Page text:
Calls For Greater 311, MTA Efficiency

Next_Muni.jpgFrom rick via Flickr

While the list of budget problems facing the MTA is long, Supervisor Bevan Dufty believes he can save them a few million just by changing the way they do customer service.

In a special hearing on work orders to the MTA yesterday, Dufty proposed that the MTA come up with a solution to reduce the costs of 311 calls from the public seeking information for the arrival of the next bus.  311 bills MTA on average $1.96 for every call and bus schedule calls account for 41 percent of total calls to 311 (total MTA-related calls account for 63 percent of all call volume at 311), despite the existence of automated NextMuni timetables already on 311, on over 750 bus shelters, and online through and

At Dufty’s request, the MTA itemized total costs of using 311 to provide customers with information that could be transmitted automatically and determined that they could save $4.5 million if 311 no longer manually assisted schedule requests. 

In an interview, MTA Executive Director Natthaniel Ford said that the agency would work with the Board of Supervisors and the public to streamline the system and cut down on the cost of providing bus schedules.  He also noted that call volumes to 311 were higher than they had initially anticipated.  He denied that the agency doles out work order money without good cause. 

I wouldn’t say it’s a rubberstamping of it but it’s clearly a situation where there are increased levels of work that we have identified and at the same time these other departments are suffering through budget cuts and challenges and they’re trying to make sure that whatever services they’re providing for the MTA that we’re adequately reimbursing them for it. Is it a perfect system? No system is perfect.

In a document presented to the public at the hearing, the MTA suggested that the agency could work with 311 to provide much more information automatically through, but argued that it shouldn’t rush to abandon manual assistance completely until customers have had time to adjust to the changes (PDF).  They also agreed they could do a better job of advertising the services to the riding public:

From a customer service perspective, the SFMTA would make an investment in “stickering” existing shelters and stops with “511 Stop IDs” (and simple instructions) to facilitate the transition from 311 to 511 for departure prediction assistance.  This one-time cost would be an extremely small percentage of the annual cost of departure prediction assistance via 311.  Not only would this improvement ease the move to 511, it would significantly improve the level of service at a number of stops throughout the city that are not currently equipped with NextMuni display signs.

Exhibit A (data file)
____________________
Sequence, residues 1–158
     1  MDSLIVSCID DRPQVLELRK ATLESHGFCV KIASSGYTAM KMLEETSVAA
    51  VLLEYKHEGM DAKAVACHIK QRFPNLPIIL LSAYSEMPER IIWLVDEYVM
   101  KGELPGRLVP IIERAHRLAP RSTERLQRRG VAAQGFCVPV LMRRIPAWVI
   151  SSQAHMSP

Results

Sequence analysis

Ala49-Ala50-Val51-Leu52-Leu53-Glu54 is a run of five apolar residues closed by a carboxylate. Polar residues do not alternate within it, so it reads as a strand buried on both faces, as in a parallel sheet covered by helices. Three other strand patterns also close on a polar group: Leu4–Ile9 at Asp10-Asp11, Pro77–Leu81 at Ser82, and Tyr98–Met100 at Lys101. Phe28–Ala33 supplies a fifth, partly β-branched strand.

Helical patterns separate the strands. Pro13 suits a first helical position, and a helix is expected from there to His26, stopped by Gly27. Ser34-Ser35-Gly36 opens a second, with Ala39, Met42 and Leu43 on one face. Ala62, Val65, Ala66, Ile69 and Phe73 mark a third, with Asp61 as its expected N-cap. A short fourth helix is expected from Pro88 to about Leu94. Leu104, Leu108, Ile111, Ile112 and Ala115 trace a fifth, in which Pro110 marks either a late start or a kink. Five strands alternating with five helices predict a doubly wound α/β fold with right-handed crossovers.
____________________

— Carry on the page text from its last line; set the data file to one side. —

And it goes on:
311 Deputy Director Andrew Maimoni said his agency was doing the job that MTA had asked it to do in the first place and that if MTA decided to change how it wanted its service, they would comply.  "We take guidance from the MTA.  If MTA decides that they want us to do it another way, they will tell us.  The initial agreement was to take over passenger service calls from MTA’s former passenger service desk.  This is what was advertised."

Maimoni also noted that unlike the former passenger service desk at MTA, 311 provides the information to the public around the clock and in many languages.  He said they were always open to evaluating the options and working with Supervisor Dufty and the MTA to arrive at a solution that worked for everyone. 

"We’re here to do the work that the city asks us to do," he said.


MTA To Get Greater Management Role Over SFPD’s Traffic Company

Flickr photo: Thomas Hawk According to a "fact sheet" (PDF) released by the Mayor’s office Friday, "new operational improvements and efficiencies" have been identified that will amount to $3.5 million in cost savings for the MTA, including giving MTA Executive Director Nat Ford more power over the SFPD’s Traffic Company. The plan, first reported in […]

Supes Committee Votes to Recommend Rejection of MTA Budget

Supervisor David Campos with BOS Prez David Chiu and Supervisor Bevan Dufty in background at yesterday’s Budget and Finance Committee meeting. Photos by Bryan Goebel. The San Francisco Board of Supervisors Budget and Finance Committee voted 4-1, with Supervisor Carmen Chu dissenting, to recommend the rejection of the MTA’s $778 million budget following a marathon […]

Supervisor Dufty Blasts SFPD Over MTA Work Orders

Supervisor Bevan Dufty, armed with numbers and documents he obtained detailing MTA work orders from other city departments, scolded two members of the San Francisco Police Department’s top brass Wednesday, calling the department’s raid on Muni’s budget "excessive" and "unbelievable." Dufty called the hearing before the Board of Supervisors Budget and Finance Committee to examine […]

Gav For Guv Short On Transportation Essentials

Newsom extolling the glories of EVs, from mayorgavinnewsom via Flickr So Gav made it official yesterday that he’s running for Guv by tweeting it to his more than 283,000 followers, announcing it on Facebook, and even running a strange pseudo-article with a lot of donate hyperlinks in the Huffington Post, all of which made a […]

San Francisco and Washington DC Announce Adoption of Open311 Platform

A typical request on SeeClickFix, which will now be routed to San Francisco’s 311 center and automatically added to the customer relationship management (CRM) system. The trend of local governments embracing data transparency and opening their vast sets of information to the public takes a huge leap forward today with the announcement that San Francisco […]